New rules will supposedly still protect eagles-

I also read the actual new regulations. One thing I didn’t know is that while bald eagle populations continue to grow, golden eagles might be in decline.

Interior Releases New Rules for Disturbances to Bald and Golden Eagles. By Allison Winter. New York Times.

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About The Author

Ralph Maughan

Dr. Ralph Maughan is professor emeritus of political science at Idaho State University with specialties in natural resource politics, public opinion, interest groups, political parties, voting and elections. Aside from academic publications, he is author or co-author of three hiking/backpacking guides, and he is President of the Western Watersheds Project.

7 Responses to Interior Releases New Rules for Disturbances to Bald and Golden Eagles

  1. avatar Cris Waller says:

    Golden eagles are definitely in decline in Southern California, where I ashamedly admit to living :>) CA regards the eagle as a species of special concern.

    Habitat destruction is, of course, the major factor. Fires and drought have destroyed nesting sites and weakened the prey base. A new wind turbine farm in the county has killed some eagles (they fly into the blades.) I also wonder if there is some competition between eagles and red-tailed hawks- the latter, which tolerate humanity much better, have become much more common locally. It has been years since I’ve seen an eagle.

  2. avatar ProWolf in WY says:

    I would be curious to see how far this goes. Bald eagles especially invoke a lot of emotion. Golden eagles do not seem to be in decline where I live in Wyoming, but with development it makes sense, for example, the Front Range Urban Corridor that has decimated its prairie dog populations and thus a food source for golden eagles.

  3. avatar Devin says:

    Interesting read indeed. Its always exhilarating to see eagles in the wild.

    Are there really than many eagles near airports? With all of the news about bird strike, I don’t think I’ve ever seen anything about eagles mentioned. Granted if there are lots of others birds in the area they will be there as well, but I hardly see 5 or 6 eagles are warranting any issues with the FAA. Maybe its for another reason.

    On the topic of utility poles, as I was driving to Jackson a few weeks ago I saw countless osprey and hawks atop the poles. Does anyone have any information as to whether or not bird of prey numbers tend to increase in areas where utility poles are established? My reasoning for wondering this is that it offers the birds an unnatural area to sit high above flat land and look for prey. I’ve been looking for any studies on this for a few weeks and haven’t found anything.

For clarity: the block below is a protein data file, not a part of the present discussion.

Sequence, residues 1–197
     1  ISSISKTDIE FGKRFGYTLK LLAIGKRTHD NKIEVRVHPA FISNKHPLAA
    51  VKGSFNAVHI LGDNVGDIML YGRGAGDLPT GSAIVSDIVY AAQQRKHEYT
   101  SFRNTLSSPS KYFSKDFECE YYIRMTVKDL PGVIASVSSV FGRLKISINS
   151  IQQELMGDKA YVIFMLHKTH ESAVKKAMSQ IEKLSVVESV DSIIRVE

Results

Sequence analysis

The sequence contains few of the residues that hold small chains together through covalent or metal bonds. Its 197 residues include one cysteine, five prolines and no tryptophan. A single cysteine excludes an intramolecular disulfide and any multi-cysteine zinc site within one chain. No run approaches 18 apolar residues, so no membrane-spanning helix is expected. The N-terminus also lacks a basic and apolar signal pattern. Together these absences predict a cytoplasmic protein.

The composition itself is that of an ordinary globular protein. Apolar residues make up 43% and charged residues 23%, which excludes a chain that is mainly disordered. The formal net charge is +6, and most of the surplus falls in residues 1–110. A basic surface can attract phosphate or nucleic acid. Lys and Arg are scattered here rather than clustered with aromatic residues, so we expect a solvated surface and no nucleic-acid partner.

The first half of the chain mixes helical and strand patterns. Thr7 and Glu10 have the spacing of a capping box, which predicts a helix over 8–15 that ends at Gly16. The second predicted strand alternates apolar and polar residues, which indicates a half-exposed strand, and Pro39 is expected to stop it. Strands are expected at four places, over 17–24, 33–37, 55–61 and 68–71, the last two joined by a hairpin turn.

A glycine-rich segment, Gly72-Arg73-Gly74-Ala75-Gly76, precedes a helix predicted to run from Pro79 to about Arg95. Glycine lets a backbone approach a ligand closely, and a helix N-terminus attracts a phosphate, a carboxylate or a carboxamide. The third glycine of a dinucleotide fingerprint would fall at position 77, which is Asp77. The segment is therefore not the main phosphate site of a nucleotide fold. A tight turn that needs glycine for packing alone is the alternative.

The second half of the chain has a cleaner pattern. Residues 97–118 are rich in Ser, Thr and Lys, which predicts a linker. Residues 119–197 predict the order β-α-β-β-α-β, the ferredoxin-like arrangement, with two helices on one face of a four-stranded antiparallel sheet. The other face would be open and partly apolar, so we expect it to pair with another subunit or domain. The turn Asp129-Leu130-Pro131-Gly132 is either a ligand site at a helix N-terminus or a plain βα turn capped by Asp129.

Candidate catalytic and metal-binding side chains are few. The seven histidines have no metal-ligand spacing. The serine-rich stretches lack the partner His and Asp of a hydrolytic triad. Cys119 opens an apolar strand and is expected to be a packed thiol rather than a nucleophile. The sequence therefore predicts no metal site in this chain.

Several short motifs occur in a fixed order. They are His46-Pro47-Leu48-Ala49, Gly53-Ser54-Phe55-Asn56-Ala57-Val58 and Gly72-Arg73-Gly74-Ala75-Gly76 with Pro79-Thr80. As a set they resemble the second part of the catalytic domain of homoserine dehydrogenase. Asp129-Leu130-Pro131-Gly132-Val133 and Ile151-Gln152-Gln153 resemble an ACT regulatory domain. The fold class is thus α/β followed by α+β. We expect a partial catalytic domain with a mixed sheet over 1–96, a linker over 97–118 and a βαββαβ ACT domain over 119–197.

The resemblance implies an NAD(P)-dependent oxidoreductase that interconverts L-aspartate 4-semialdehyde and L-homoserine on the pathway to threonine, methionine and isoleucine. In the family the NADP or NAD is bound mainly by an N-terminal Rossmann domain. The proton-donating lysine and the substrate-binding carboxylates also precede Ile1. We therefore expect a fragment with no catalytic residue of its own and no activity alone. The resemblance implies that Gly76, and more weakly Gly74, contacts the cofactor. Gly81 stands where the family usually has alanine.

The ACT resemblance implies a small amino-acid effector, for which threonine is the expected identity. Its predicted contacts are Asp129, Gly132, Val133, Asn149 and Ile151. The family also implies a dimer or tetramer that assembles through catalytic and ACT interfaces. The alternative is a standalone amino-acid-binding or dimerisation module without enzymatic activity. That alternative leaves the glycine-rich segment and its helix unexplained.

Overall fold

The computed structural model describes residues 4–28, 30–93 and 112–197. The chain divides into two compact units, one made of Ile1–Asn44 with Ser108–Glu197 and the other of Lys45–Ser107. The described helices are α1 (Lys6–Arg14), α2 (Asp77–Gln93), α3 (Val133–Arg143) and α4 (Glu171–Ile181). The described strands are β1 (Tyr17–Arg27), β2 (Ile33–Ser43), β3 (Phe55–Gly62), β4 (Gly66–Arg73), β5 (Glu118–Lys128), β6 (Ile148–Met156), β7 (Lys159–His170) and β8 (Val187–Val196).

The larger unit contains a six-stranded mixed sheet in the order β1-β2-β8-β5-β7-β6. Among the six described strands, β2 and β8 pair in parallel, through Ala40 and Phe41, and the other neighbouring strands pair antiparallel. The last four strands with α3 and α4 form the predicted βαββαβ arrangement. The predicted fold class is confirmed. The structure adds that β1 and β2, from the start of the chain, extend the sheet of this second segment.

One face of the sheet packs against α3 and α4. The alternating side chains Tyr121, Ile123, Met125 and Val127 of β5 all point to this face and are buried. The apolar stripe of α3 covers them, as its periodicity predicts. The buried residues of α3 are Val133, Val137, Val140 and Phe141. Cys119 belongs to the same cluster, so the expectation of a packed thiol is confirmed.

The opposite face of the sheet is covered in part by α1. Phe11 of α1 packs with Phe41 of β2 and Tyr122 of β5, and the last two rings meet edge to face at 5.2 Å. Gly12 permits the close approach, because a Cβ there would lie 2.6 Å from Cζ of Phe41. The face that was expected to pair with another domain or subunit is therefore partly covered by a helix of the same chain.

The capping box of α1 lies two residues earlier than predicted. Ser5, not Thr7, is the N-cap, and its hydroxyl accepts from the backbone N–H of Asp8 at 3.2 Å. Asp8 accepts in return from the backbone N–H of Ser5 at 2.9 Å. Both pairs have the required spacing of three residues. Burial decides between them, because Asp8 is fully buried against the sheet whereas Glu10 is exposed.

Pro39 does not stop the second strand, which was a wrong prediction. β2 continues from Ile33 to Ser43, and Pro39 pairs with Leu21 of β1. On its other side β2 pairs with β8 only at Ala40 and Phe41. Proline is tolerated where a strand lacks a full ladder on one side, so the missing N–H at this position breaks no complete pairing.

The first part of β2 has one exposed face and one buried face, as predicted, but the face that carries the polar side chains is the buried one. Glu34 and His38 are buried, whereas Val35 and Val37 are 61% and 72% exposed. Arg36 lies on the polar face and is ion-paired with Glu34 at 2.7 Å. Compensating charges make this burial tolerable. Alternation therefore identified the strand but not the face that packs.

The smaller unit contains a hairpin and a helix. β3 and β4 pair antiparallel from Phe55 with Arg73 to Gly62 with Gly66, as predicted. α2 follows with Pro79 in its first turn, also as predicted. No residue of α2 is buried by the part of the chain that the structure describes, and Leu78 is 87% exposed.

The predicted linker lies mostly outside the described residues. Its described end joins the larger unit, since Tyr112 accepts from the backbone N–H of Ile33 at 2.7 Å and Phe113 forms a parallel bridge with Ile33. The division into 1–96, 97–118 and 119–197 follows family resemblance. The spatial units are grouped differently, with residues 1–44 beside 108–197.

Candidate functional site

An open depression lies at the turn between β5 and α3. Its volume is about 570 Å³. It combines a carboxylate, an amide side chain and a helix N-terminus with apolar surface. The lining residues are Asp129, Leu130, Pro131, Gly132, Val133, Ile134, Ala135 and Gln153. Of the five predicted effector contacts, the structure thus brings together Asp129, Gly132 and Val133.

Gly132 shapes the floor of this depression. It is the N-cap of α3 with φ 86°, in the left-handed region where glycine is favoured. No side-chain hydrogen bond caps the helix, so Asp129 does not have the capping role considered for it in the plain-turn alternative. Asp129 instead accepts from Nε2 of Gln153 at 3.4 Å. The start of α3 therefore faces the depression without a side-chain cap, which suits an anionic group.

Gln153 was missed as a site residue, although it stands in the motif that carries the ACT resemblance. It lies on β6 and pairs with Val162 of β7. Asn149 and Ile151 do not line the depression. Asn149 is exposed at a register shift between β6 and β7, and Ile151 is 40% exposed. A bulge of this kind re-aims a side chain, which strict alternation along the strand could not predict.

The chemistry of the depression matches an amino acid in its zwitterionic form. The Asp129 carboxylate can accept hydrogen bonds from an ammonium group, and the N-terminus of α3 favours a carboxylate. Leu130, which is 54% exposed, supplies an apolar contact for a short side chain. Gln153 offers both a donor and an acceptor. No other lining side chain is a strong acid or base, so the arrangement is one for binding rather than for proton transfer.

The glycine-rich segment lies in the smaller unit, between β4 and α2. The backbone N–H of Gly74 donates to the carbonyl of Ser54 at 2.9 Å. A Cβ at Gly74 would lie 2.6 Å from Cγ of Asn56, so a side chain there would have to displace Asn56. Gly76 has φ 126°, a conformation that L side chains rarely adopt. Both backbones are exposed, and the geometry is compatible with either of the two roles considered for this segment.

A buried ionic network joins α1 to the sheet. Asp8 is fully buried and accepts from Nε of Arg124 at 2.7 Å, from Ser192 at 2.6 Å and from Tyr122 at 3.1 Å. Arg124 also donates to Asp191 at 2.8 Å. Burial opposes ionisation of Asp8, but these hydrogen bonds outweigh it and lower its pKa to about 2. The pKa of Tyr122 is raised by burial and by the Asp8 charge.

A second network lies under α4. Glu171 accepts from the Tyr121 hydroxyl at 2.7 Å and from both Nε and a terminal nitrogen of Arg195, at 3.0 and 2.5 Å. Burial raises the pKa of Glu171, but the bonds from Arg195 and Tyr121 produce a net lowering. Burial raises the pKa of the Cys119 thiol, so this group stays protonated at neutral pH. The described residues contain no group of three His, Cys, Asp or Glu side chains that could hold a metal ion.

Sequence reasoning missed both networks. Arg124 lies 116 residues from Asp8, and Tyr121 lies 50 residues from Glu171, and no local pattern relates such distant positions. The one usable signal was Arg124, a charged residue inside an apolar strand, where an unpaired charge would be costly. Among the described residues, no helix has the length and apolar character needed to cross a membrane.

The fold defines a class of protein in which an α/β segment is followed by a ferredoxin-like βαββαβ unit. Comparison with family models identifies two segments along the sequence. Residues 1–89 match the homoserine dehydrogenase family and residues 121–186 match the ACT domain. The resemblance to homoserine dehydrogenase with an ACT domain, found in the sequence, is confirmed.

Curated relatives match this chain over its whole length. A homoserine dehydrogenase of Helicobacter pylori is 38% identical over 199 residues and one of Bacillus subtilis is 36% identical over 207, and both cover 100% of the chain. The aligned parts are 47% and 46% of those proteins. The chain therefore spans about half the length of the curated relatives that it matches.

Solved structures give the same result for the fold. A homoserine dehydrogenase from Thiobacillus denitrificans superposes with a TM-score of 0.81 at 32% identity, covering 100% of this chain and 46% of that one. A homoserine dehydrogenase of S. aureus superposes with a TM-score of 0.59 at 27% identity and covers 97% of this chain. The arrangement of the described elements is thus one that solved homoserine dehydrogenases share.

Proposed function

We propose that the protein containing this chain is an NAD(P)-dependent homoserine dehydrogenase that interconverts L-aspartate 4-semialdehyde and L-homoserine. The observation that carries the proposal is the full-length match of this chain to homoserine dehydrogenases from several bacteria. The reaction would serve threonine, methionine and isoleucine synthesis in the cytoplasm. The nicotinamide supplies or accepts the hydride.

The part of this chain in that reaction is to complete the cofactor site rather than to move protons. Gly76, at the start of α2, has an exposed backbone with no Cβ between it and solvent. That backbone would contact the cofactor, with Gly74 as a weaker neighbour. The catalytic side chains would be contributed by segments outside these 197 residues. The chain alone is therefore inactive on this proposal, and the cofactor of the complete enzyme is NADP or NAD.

Flat land with few trees + utility poles = increase in birds of prey populations?

  4. avatar ProWolf in WY says:

    Flat land with few trees + utility poles = increase in birds of prey populations?

    Devin, I am not positive but I think that red-tailed hawk populations have increased in areas of the plains where utility poles have gone. I also know of an area in Wyoming off Interstate 25 on the Natrona/Johnson county line where there is an extensive prairie dog colony living under a wooden snow fence. I have seen bald and golden eagles and hawks perched on there and it is otherwise an area with no perches available. So I would imagine a lot more birds of prey live there than would be without the fence.

  5. avatar mikepost says:

    We have a Golden Eagle nest in a major electrical tower in Calif in a wilderness area that has been in continuous use for over 20 years. They love the site. The nest was built in the girder tier just below the power lines and there seems to be no mortality and they do not roost on the lines themselves.

    I another vein, Goldens are suseptable to road killing as they do scavenge road kill and have difficulty launching soon enough to avoid high speed highway traffic. I-70 in Colorado saw so much that miles of the highway are signed to create driver awareness.

  6. avatar chris says:

    Overgrazing is likely the biggest threat to golden eagles as it reduces or eliminates their main prey of jackrabbits. They can certainly take other and larger prey, but the population of goldens has often mirrored the cycles of jackrabbit populations.

  7. avatar ProWolf in WY says:

    Mikepost, roadkill is a major problem. I came very close to having a golden eagle go through my windshield once.

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‎"At some point we must draw a line across the ground of our home and our being, drive a spear into the land and say to the bulldozers, earthmovers, government and corporations, “thus far and no further.” If we do not, we shall later feel, instead of pride, the regret of Thoreau, that good but overly-bookish man, who wrote, near the end of his life, “If I repent of anything it is likely to be my good behaviour."

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